A sphinx-like, arbitrary force bearing down on us with implacable hostility

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A sphinx-like, arbitrary force bearing down on us with implacable hostility

Brandon Booth
Brandon Booth
July 2, 2024

As Liv and I are rapidly completing our new book, I’m back this week with another excerpt from my previous book: Changing the Conversation, How to dance instead of fight in everyday conversation.


The greatest barrier to good conversation is my own sinful ego. So the first step toward better conversation is identifying my problem and addressing it….

Like God’s people in the Old Testament, we are all guilty of a double evil. We “have abandoned [God], the fountain of living water, and dug cisterns for [ourselves]—cracked cisterns that cannot hold water” (Jeremiah 2:13 ESV).

In other words, we do not trust that God is the true source of value, security, and approval. We do not trust that he is the fountain of living water, and instead we seek life from the cracked cisterns of performance, money, power, glamor, sexual prowess, recognition, status, or whatever. These, however, do not hold water and cannot sustain our life….

[And] our egoistic selves try to paint God in our own self-centered images. We make God into a tyrant. He becomes a “sphinx-like and arbitrary force bearing down upon us with implacable hostility” He tells us what we have always been telling ourselves: try harder, do more, secure yourself. If this is how we conceive of God, it’s no wonder we run from him rather than seek intimacy with him.

This is not what it means to accept Christ. True acceptance means changing my mind about who God is. God is the great gift giver, not the great gift requirer. God does not insist on my self-sacrifice; my imperial ego insists on doing something in order to make God love me. God wants me to receive his current presence and activity, not win it. God does not require me to take charge of my own transformation. God himself is the agent of change….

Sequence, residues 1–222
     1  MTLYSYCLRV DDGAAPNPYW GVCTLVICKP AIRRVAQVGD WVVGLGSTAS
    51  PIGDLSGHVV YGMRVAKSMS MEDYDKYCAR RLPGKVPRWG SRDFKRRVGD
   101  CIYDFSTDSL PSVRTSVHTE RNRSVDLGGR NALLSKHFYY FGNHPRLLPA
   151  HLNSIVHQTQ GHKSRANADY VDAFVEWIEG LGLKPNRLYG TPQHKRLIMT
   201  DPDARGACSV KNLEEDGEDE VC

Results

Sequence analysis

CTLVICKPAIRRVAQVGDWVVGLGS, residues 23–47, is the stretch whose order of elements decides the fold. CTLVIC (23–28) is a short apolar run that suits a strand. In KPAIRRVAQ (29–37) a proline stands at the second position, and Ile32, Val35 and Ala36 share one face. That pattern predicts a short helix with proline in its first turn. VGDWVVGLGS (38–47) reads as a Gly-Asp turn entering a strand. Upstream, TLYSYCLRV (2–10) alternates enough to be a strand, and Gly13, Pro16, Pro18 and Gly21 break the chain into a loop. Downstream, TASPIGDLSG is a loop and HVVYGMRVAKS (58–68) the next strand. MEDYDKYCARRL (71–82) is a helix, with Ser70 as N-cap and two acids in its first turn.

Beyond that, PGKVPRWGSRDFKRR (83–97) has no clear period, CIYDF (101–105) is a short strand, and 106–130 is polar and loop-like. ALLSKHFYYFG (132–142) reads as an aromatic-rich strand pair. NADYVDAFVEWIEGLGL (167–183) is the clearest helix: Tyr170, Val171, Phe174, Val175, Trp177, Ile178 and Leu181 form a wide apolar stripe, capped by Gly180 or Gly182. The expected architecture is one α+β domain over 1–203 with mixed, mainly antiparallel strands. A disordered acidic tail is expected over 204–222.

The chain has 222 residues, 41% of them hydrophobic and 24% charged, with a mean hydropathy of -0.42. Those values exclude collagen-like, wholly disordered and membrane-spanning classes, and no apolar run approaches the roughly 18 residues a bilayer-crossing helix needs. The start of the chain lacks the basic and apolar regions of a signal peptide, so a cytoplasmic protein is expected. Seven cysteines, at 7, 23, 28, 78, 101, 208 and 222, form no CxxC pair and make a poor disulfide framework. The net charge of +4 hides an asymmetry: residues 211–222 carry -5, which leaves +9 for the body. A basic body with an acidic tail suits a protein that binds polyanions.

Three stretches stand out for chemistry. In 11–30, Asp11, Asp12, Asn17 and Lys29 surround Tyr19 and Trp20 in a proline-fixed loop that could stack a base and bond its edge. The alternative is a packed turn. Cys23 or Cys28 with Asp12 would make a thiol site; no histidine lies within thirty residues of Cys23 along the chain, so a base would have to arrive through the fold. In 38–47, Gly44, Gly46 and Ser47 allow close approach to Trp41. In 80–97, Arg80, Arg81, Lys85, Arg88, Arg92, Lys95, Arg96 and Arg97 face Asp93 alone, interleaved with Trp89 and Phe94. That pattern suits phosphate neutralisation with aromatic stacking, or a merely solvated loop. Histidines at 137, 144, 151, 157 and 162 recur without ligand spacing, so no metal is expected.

He loves me first. He has been working, works now, and will always work for my good in every situation, every event, every action—even the “bad” ones. As difficult as it may be to believe, God is for me in all things. All things are God’s gift to me.  

The only self-sacrifice God requires is the sacrifice of my egotistical self. He asks me to stop thinking I have to act first. God is not waiting for me to act because he is always already acting. He is always already showering me with gifts. This is his will for me! Thomas Merton says it beautifully:

"My Chief care should not be to find pleasure or success, health or life, or money or rest or even things like virtue and wisdom—still less their opposites, pain, failure, sickness, death. But in all that happens, my one desire and my one joy should be to know: "Here is the thing that God has willed for me. In this His love is found, and in accepting this I can give back His love to Him and give myself with it to Him. For in giving myself I shall find Him and He is life everlasting" (Merton, Thomas. New Seeds of Contemplation. New Directions Book, 2007. 15).

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